Nonmetallic Wireways: flame retardant, nonmetallic troughs with removable covers for housing and protecting electrical wires and cables in which conductors are laid in place after the wireway has been installed as a complete system. (NEC, 378.2)

     Raceway: an enclosed channel of metal or nonmetallic materials designed expressly for holding wires, cables, or busbars, with additional functions as permitted in this Code. Raceways include, but are not limited to, “rigid metal conduit,” “rigid nonmetallic conduit,” “intermediate metal conduit,” liquid tight flexible conduit, “flexible metallic tubing,” “flexible metal conduit,”  “electrical nonmetallic tubing,”  “electrical metallic tubing,” underfloor raceways, cellular concrete floor raceways, cellular metal floor raceways, surface raceways, wireways, and busways. (NEC, 100)

          Strut-Type Channel Raceway: metallic raceway that is intended to be mounted to the surface of or suspended from a structure, with associated accessories for the installation of electrical conductors and cables. (NEC, 384.2)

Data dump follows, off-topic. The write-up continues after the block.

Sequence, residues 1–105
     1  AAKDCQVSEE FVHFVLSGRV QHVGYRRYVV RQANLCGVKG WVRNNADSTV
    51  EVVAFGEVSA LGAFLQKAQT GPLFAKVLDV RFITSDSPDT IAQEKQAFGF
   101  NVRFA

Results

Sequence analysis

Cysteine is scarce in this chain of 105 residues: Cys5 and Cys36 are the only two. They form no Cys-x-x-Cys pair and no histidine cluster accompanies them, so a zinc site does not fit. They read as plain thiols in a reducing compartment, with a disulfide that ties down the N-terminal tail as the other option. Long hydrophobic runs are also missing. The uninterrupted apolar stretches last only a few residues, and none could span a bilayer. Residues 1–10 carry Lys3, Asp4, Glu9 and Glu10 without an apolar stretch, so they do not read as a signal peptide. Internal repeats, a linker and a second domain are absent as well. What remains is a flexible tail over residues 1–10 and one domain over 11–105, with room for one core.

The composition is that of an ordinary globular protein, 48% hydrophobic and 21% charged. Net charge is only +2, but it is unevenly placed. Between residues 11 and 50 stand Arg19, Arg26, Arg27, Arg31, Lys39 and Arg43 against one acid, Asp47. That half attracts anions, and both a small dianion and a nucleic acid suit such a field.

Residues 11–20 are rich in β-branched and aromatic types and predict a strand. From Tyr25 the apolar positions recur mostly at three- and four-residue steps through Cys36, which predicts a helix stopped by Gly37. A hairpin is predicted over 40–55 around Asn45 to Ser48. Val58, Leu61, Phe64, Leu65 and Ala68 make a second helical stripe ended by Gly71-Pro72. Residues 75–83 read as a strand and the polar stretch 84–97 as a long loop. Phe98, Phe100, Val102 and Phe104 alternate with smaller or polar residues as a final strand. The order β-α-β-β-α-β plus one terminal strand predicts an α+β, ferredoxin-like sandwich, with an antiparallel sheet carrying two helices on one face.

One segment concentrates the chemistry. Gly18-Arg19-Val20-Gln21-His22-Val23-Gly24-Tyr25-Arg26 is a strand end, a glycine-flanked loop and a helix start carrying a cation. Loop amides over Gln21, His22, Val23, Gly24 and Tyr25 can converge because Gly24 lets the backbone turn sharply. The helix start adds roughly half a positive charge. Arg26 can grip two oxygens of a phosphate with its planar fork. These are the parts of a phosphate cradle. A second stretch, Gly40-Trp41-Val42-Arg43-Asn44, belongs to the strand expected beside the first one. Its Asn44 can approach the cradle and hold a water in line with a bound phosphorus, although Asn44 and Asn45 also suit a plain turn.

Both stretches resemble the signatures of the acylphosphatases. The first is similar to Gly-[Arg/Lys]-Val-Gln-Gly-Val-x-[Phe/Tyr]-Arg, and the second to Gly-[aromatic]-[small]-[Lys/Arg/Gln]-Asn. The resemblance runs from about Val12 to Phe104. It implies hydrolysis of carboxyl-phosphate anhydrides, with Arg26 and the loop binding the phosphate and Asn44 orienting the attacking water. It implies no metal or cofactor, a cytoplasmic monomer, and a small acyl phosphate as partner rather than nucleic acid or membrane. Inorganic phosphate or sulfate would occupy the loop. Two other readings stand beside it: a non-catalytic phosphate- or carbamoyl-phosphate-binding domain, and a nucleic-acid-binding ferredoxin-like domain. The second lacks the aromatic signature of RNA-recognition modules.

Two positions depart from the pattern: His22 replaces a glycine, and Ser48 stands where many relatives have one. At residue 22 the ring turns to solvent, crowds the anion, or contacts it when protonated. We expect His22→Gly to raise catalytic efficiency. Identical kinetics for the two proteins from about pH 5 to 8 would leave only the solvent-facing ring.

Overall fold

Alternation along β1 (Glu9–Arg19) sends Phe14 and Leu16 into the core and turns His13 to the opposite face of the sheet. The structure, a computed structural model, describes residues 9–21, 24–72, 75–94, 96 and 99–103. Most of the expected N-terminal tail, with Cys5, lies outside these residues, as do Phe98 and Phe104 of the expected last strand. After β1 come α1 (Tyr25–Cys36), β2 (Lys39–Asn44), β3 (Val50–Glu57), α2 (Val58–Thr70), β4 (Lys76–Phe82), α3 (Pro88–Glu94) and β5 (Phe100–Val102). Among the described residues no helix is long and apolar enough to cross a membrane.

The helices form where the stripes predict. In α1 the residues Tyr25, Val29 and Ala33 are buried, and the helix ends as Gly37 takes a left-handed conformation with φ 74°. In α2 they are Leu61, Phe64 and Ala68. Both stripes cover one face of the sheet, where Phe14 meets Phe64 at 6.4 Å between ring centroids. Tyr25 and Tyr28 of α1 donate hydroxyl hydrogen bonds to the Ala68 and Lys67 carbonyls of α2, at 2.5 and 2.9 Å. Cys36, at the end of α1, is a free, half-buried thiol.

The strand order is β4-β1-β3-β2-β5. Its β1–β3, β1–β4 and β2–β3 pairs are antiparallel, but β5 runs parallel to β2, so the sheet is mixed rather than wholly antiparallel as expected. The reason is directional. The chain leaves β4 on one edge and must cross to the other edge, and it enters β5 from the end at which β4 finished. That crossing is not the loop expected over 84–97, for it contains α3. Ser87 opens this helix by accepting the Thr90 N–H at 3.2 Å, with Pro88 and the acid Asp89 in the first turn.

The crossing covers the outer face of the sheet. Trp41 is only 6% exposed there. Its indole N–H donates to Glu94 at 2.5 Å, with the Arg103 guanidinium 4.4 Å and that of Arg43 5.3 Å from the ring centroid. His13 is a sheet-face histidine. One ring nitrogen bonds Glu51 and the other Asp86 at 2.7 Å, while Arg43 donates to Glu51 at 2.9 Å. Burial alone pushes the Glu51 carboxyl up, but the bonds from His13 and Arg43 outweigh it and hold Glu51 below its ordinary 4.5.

Surface Metal Raceway: metallic raceway that is intended to be mounted to the surface of a structure, with associated couplings, connectors, boxes, and fittings for the installation of electrical conductors. (NEC, 386.2)

          Surface Nonmetallic Raceway: nonmetallic raceway that is intended to be mounted to the surface of a structure, with associated couplings, connectors, boxes, and fittings for the installation of electrical conductors. (NEC, 388.2)